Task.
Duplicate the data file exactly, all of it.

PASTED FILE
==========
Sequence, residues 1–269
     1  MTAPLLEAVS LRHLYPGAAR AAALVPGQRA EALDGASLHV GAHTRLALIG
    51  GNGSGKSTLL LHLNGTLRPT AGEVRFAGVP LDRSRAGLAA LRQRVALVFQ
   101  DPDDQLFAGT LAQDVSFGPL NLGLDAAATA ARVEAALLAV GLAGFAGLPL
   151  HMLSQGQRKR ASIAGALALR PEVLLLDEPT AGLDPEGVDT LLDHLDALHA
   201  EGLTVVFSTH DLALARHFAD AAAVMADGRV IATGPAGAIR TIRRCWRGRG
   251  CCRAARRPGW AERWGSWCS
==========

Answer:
Sequence, residues 1–269
     1  MTAPLLEAVS LRHLYPGAAR AAALVPGQRA EALDGASLHV GAHTRLALIG
    51  GNGSGKSTLL LHLNGTLRPT AGEVRFAGVP LDRSRAGLAA LRQRVALVFQ
   101  DPDDQLFAGT LAQDVSFGPL NLGLDAAATA ARVEAALLAV GLAGFAGLPL
   151  HMLSQGQRKR ASIAGALALR PEVLLLDEPT AGLDPEGVDT LLDHLDALHA
   201  EGLTVVFSTH DLALARHFAD AAAVMADGRV IATGPAGAIR TIRRCWRGRG
   251  CCRAARRPGW AERWGSWCS